On CNN Tuesday night, 12 of the 19 democratic presidential candidates convened in Westerville, Ohio for their fourth presidential debate and, among many other things, discussed the pertinent issue of health care.
What became very clear, and has been a constant theme in these debates, is that the all-encompassing “Medicare for All” plan championed by Sen. Bernie Sanders and supported by Sen. Elizabeth Warren is under fire from the rest of the candidates.
Mayor of South Bend, Indiana, Pete Buttigieg went as far as to say that advocating for Medicare for All would, “unnecessarily divide this country.”
Health care is a sensitive issue for Americans and, in particular, for American college students.
Not only is the U.S. one of the only developed countries to not provide health care for all of its citizens, but the U.S. spends much more on health care than many other developed countries, according to data from the Organization for Economic Cooperation and Development (OECD).
For college students joining the workforce immediately after graduation, health care is often a big concern. Rather than pursuing their best interests, students may try to get the first job that offers a health insurance plan, particularly individuals who have a pre-existing conditions, which is a condition a person has prior to their health benefits going into effect.
The State Health Access Data Assistance Center found that the percentage of uninsured Americans between 19-25 was at 14 percent in 2018. The same data found that over 60 percent of the same age group relied on an employer to provide health insurance.
By moving away from a system of private insurance, the U.S. would allow for all Americans to have more independence from their employer.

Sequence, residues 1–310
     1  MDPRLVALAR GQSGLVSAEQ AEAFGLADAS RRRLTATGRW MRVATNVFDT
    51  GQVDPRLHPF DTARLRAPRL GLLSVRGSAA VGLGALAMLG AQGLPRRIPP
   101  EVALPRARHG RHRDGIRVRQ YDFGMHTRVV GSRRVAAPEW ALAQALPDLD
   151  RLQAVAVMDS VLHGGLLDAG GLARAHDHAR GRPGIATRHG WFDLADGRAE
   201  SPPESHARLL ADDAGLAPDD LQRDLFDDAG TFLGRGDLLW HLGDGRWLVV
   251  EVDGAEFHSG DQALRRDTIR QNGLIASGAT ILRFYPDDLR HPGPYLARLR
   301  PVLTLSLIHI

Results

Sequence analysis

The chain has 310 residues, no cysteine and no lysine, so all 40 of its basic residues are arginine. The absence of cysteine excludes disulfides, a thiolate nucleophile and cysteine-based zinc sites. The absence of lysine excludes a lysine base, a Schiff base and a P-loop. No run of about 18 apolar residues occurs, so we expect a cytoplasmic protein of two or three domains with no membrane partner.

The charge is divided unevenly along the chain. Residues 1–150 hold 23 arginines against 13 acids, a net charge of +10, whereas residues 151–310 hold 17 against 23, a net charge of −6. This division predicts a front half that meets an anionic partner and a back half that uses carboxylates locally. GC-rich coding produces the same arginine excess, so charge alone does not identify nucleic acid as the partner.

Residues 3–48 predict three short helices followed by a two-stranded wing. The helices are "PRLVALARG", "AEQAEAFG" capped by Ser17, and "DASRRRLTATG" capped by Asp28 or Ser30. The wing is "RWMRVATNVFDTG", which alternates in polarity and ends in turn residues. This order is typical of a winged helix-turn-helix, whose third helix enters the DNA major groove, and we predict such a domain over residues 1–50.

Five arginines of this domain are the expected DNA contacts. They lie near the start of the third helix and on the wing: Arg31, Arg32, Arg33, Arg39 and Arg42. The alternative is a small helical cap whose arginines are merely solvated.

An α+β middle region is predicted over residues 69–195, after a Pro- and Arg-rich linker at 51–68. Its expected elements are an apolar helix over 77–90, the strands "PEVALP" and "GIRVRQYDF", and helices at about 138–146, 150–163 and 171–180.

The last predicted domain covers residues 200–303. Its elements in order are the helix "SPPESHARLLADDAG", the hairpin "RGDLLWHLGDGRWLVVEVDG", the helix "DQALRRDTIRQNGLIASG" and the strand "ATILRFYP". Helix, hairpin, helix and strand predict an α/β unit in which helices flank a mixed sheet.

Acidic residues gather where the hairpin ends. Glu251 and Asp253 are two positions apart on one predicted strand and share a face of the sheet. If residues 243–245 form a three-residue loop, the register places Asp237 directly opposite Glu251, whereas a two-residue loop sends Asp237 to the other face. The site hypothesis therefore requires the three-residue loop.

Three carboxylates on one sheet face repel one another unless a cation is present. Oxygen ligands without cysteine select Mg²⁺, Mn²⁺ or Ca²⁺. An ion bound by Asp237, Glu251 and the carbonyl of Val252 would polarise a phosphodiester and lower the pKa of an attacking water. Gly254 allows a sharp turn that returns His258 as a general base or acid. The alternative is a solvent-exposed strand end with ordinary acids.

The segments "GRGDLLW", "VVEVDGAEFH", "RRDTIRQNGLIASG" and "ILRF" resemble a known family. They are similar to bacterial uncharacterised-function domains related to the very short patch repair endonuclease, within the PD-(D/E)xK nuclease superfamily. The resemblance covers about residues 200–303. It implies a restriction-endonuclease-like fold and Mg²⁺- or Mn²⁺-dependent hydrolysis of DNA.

Sen. Sanders’ plan, released in April 2019, clearly identifies a 4 percent income-based premium for employees after they earn their first $29,000 as well as a 7.5 percent income-based premium paid by employers, after the first $2 million in payroll, among other options to pay for the plan.
Implementing this plan would relieve all businesses from the need to provide private insurance to employees. The money saved has the potential to go into greater earnings for graduates going into entry-level positions.
By implementing a national plan that is not tied to employment, students graduating into the workforce will be more independent. They can make decisions in their professional life based on their life goals and not have to factor in whether they can afford to go to the doctor.
Candidates like Buttigieg on stage will work overtime to frame the system as too costly, despite the fact that every developed country has a similar system with better health outcomes including on key health factors like life expectancy according to data from the OECD. Sen. Warren and Sen. Sanders cannot let up their advocacy for a Medicare for All system.
Jared Sellick is a junior majoring in political science.